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Guide to bidding and hosting Worlds

With Worlds just a couple of weeks away and with two bidders so far confirmed for Worlds 2013 I thought now would be a good time to republish this excellent guide written by Ian Lising a few years ago.  Hopefully it will give some guidance to the bidders and hopefully it give participants travelling to Worlds some insight into what happens behind the scenes at the tournament.


Guide to Bidding, Planning, and Running a World Universities Debating Championship
By Ian T. Lising


I. Should we bid to host Worlds?

1. What do we get from hosting Worlds?
a. International Recognition
b. Immediate Worlds Exposure

2. What is our timetable for the bid?
a. Getting University Support
b. Getting Community/Corporate Support
c. Getting Materials Prepared

3. Who do we need to be on our Bid Team?
a. The Convenor/Championship Director
b. The Chief Adjudicator
c. Worlds Delegates

4. How does the Bid Process work?
a. Knowing your competition
b. Do we really need our DCAs now?
c. Pre-Council Materials
d. New Year’s Day


II. Great, we won the bid! Now what do we do?
1. Building your team
a. The Deputy Chief Adjudicators (DCAs)
b. Registration Director
c. Finance Director
d. Tab Director
e. Contingency Director
f. Equity/Women’s Officers
g. Accommodations Director
h. Event Directors
i. Communication Director
j. Logistics Director
k. Transport Director
l. Socials Director

2. Work out the details

3. Defend the Bid
a. The Mid-Year Report
b. The Ratification Process

4. Future Host’s Night

III. We have over a thousand people at our doorstep, what happens now?
1. Execute the Plan (Get enough sleep)
2. Trust your Team (Don’t micromanage)
3. Passing the Gavel (It is done)


I. Should we bid to host Worlds?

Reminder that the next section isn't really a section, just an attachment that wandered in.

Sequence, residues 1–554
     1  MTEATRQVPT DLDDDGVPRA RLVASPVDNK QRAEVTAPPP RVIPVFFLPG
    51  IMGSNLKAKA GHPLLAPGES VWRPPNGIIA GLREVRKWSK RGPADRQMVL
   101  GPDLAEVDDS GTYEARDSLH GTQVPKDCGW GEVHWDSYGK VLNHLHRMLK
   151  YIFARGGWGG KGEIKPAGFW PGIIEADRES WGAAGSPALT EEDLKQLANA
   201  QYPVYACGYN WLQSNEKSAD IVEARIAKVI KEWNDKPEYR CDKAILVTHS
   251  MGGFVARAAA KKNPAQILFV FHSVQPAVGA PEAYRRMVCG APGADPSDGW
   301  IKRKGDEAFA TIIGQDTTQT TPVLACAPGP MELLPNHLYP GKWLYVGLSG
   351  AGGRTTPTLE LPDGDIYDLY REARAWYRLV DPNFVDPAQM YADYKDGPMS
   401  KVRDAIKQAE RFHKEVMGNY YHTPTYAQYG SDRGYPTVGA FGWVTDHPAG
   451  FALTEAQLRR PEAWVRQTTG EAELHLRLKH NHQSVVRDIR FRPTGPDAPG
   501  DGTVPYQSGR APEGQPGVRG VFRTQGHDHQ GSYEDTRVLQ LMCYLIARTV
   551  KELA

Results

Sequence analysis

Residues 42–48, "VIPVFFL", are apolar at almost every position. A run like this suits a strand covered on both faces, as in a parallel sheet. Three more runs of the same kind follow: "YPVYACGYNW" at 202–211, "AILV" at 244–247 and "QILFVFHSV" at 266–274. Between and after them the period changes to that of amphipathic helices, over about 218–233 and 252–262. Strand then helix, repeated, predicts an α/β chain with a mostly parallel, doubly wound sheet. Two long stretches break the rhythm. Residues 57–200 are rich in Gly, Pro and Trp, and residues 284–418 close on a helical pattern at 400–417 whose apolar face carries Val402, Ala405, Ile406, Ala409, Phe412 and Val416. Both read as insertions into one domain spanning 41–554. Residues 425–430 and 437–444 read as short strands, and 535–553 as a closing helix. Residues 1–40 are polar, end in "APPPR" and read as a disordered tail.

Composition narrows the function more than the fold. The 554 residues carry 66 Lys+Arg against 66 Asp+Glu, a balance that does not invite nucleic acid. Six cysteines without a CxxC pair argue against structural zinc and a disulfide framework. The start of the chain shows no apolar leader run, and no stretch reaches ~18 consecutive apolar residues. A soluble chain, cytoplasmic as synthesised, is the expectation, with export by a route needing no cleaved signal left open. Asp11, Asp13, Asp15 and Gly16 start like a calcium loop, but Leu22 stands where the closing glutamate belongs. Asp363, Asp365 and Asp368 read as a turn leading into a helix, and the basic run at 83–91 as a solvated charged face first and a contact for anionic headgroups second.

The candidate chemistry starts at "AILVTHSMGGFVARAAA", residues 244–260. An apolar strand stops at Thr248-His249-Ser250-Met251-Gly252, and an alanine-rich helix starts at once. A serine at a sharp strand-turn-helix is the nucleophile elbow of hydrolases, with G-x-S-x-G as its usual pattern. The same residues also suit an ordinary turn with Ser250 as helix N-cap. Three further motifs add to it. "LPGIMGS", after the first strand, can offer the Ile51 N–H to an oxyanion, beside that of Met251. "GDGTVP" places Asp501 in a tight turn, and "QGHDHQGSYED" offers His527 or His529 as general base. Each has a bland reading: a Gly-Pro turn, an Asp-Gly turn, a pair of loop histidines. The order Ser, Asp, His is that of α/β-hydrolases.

Deciding to host a World Universities Debating Championships (WUDC or Worlds) is (to put it mildly) a life-altering event. The inaugural Championship was hosted by the Glasgow University Union in January 1981 with 50 teams from 8 nations competing. Since then it has dramatically expanded to an event that hosts over 350 teams from 150 universities of 40 nations. Worlds has been patronised and supported by several world leaders and sponsored by several transnational corporations.

That does sound a bit daunting. Perhaps this is the time where most people feel intimidated and think to themselves, “You must absolutely mad to take on something like that.” Though that may be partially true, this guide is meant to dispel the myths, spark ideas, and provide general direction to those who are willing to take on the task of hosting Worlds.

Before we get into any of that, the first question that comes to mind usually is:

1. What do we get from hosting Worlds?
Hosting Worlds is neither something you decide to do on a whim nor a responsibility you take on if you lose a bet. You will undoubtedly risk several sleepless months, fractured relationships, and other personal losses. But in the end, it could lead to tremendous international recognition and an opportunity for your debating organization, university, community, nation and region to experience Worlds firsthand in one glorious week.

a. International Recognition
No, not for you (although that does come for some from time to time), but international recognition will be earned for your debating organization, university, and nation. Offhand, this might sound shallow to some. But its impact is far deeper than they would first think.

Much like the universities they represent, debating organisations are only as successful as their reputation permits them to be. It is a sad notion, but unfortunately true. No matter what successes you enjoy over a debating career, short of winning Worlds, people tend to forget. Each year, only two universities’ names go down on the permanent history of the Championship, the winner and the host. Trust me, hosting is the more realistic venture of the two.

b. Immediate Worlds Exposure
If you have participated at Worlds, you often feel the need to share the experience with others as soon as you return home. My family knew that I would fly to some exotic locale around Boxing Day and miss the holidays every year, but that was the extent of their Worlds experience. The same is true unfortunately for everybody else in your region, country, university, and even debating organization. Each year, I take my students to Worlds and those new to the experience always say the same thing, “I had no idea it would be like this.” No matter how many debates you participate in, there is nothing quite like Worlds.

This is where hosting changes everything. When we hosted Worlds at Ateneo de Manila in 1999, there were high school students who worked as volunteers, sat in audiences, and even joined some events during the week. Several of them went on to have their own fantastic debating careers. National media helped us reach a much larger audience and the impact of that is immeasurable. Debating culture in the Philippines became something tangible.